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8 Apr, 2014 03:20

​Moroccan national planned to use ‘drone-like flying bomb’ on federal building

​Moroccan national planned to use ‘drone-like flying bomb’ on federal building

A Moroccan national was arrested in Bridgeport, Connecticut for allegedly planning to use a radio-controlled model airplane as a “drone-like flying bomb,” with the aim of slamming it into a school and a federal building.

The FBI arrested El Mehdi Semlali Fahti, 27, after “wires and tools” were found in his Bridgeport apartment, the Connecticut Post reported. The FBI did not say if explosives were uncovered.

Fahti communicated with an undercover FBI agent in five recorded discussions during which he revealed that he had studied the bomb attack plan for months. He said he made a chemical bomb while in high school in Morocco, according to court documents.

During the recordings, Fahti mentioned he could acquire other materials he needed for his plot in “Southern California on the border.”

Funding, he said in the conversations, would come from “secret accounts” that contained money-laundered cash and profits from drug deals, according to the FBI.

The affidavit filed by FBI Special Agent Anabela Sharp does not specify what buildings Fahti had allegedly mentioned as targets. He did say, though, that one was an out-of-state school and the other a federal building located in Connecticut.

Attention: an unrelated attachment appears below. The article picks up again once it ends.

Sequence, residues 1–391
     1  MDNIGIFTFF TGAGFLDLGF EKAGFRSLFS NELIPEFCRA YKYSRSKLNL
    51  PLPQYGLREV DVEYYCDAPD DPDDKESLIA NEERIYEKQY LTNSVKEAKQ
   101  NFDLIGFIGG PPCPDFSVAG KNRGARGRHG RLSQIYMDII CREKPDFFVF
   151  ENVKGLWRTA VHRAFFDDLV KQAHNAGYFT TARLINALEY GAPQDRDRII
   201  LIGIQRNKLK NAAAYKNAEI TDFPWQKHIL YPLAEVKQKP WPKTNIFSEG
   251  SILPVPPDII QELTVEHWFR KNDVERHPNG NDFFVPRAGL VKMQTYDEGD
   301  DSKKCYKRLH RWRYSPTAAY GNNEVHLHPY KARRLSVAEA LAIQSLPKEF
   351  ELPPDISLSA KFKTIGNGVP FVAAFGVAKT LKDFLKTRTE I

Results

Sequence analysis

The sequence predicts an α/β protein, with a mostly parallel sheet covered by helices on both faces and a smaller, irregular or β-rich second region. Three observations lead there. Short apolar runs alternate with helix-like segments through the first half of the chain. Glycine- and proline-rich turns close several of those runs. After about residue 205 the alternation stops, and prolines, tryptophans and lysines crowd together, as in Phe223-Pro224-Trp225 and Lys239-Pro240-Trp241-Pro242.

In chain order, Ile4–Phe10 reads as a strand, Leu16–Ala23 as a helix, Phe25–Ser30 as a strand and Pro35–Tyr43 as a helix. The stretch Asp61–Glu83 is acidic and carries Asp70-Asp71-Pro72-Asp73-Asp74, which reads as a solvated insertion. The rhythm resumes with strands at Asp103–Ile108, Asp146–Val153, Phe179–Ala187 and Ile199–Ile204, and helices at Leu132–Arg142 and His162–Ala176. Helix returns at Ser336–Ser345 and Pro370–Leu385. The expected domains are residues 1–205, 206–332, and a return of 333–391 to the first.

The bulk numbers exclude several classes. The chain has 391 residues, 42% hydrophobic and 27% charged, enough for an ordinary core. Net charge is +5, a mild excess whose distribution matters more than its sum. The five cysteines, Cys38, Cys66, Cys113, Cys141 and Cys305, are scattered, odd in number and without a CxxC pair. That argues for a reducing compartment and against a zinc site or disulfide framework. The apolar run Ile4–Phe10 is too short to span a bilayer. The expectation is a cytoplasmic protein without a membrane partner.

Fahti could face terrorism charges if evidence is taken to a federal grand jury in the indictment process.

He is accused of making a false statement, falsely swearing under oath, and falsifying declarations to a federal judge, as he sought political asylum when faced with deportation back to Morocco.

Fahti told an Immigration judge that he was the victim of beatings, arrests, and imprisonment in Morocco.

In recorded conversations with the undercover agent, Fahti said he had researched alleged abuse by the Moroccan government against those related to the Jamaat Ansar El-Mehdi and the Western Sahara freedom movement.

"Everything he wrote in his refugee application coincided with the actual events," the affidavit noted.

The judge believed the story, and Fahti was allowed to stay in the US for seven years after his student visa expired. He allegedly told the undercover agent that "the more he thinks about the case, he laughs because he cannot believe the judge believed him."

Fahti previously flunked out of Virginia International University. After buying time with the asylum ruse, he then traveled around the US, getting arrested on a trespassing charge in Virginia that was later dropped. He also was briefly incarcerated in California for theft.

Fahti had only recently moved to Bridgeport in January. He was living with someone he had met while incarcerated in Virginia, the FBI said.

On Monday, Fahti, represented by Assistant US Public Defender Paul Thomas, was ordered to Wyatt Detention Center in Rhode Island, as he was a danger to the community and a flight risk, according to US Magistrate Judge William I. Garfinkel.